More than a classroom

Education institutions are much more than just places for learning. But with online learning here to stay for awhile, students tell NT KURIOCITY why this can never beat being in a physical classroom


An educational institution besides being a place for learning is also a place that fosters social interactions among students. But with schools and colleges shut down and with online classes becoming a norm, there’s little to no room left for these interactions.

Of course, social media has made keeping in touch easier, be it connecting with their friends and family, celebrating birthdays via zoom, to showcasing talents and participating in various virtual events held online.

“People who picked up a new hobby recently, be it playing a new instrument, painting or even cooking have taken to social media to display their skills and maybe even earn a few bucks from it. So there’s a lot of interaction happening virtually as far as meeting and getting to know new people goes,” says Reuban Mascarenhas, student of Don Bosco College Of Engineering, Margao.

But even so, he still miss meeting his friends and relatives physically. And being isolated and in his own bubble for a long time has affected his mental well being quite a bit, leaving him with the need to talk to someone to keep sane. He says: “Luckily for me I have my friends and family to keep me company. I’m one of the lucky ones, but there are others out there with no one to talk to or no one to go to, people who are living alone.”

And online classes, while now the norm, is a different experience, says Alyssa Martins, a student of Manipal Academy of Higher Education, Manipal, Karnataka. “I miss the classroom atmosphere, the coffee breaks, the common food place, the late night submission chaos, barging into classmates rooms and fighting over food, coffee and Maggie moments, etc. Nevertheless, online classes do offer a mode for maintaining the connection,” she says, adding that she and her friends make quarantine birthdays special with late night birthday surprises and videos and e-letters.

To help foster friendships, Martins states that her institute also had a special session with the new joinees. “For the first time ever my department had an introductory session (know thy neighbours) with the FYs on teams platform,” she says. And Martins is optimistic that these trying times will soon pass. “This is a temporary moment and eventually we will meet again in sometime. Till then its Netflix and those random Instagram posts that keep us in contact,” says Martins.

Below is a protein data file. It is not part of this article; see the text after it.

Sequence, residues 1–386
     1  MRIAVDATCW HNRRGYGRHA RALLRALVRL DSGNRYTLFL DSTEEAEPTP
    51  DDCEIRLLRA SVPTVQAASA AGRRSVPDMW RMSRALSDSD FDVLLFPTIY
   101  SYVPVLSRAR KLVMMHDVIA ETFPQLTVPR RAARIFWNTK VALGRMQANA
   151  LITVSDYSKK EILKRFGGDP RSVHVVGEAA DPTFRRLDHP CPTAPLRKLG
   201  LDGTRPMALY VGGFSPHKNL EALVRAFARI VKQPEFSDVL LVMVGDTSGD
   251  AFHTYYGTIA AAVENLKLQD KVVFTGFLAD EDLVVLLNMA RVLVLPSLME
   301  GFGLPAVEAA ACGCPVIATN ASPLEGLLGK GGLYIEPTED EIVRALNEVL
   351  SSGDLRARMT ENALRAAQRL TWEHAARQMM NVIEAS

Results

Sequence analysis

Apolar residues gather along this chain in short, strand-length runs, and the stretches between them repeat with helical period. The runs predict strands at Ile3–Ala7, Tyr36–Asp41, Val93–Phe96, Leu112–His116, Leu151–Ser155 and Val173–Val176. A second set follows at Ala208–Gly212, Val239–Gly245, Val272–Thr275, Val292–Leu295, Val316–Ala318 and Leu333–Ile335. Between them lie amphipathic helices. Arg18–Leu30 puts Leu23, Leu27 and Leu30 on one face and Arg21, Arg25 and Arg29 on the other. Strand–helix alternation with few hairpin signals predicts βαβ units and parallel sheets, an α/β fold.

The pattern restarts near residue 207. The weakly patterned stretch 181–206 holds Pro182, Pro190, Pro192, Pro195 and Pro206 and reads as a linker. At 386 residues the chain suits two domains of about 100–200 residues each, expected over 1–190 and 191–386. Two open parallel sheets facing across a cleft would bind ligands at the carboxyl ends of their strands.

Srushti Prabhudesai who is currently studying at Parvatibai Chowgule College, Margao has also been using social media to stay in touch. But she hasn’t really had the chance to make new friends though. “I just came back from an academic exchange programme so I have met a few friends. For me social media doesn’t really make it half as meaningful as actually hanging out with my friend. So for the time being, I just make myself happy by checking out what my friends are up to through social media,” she says.

Jolan Fernandes, student of St Andrew’s Higher Secondary School, Vasco meanwhile has been making new friends while playing online games. “Even if we are far from our friends and family but still we are connected to our loved ones by just one touch on our mobile phones.”

Student Aashni Rebello of Shraddha Mandir High School, Miramar and her friends too are trying helplessly to stay connected with each other by playing a couple of online games and calling each other when they get the chance. “A ‘few quarantined birthdays’ have also come up during the course of this pandemic. We made videos to tell our friends how much they meant to us. We also had group calls on Zoom on some of their birthdays. Not only are we in the midst of a pandemic, but some are also in the midst of their parent’s perpetual arguments. One of my friends was telling me how school gave them a chance to get away from that,” she says.

Indeed, she says, nothing matches the physical presence of friends and peers, or even her teachers. “During our online classes, we make bets with our teachers on when school would start. Other than studies, we talk to our teachers on a human level and tell them what we’ve been doing during this rather gloomy phase of our life. We joke about the possibility that our farewell could be a virtual one,” she says, adding that having been away for almost six months from their second home has made them long for the days when school would begin.

Indeed, Sheniah Menezes, student of Presentation Convent High School, Margao dearly misses being able to see her friends in person. She even misses sitting in a classroom and the hectic schedule! “These months have been challenging with respect to accepting the fact that I cannot plan meet-ups with my close friends, cannot go out to flea markets, meet new people and socialise in general. But with advanced technology and social media platforms, you can stay close with those who are yet so far,” she says, adding that she hopes that everyone utilises the extra time wisely, carrying out activities they kept pending due to work, school or hectic schedules.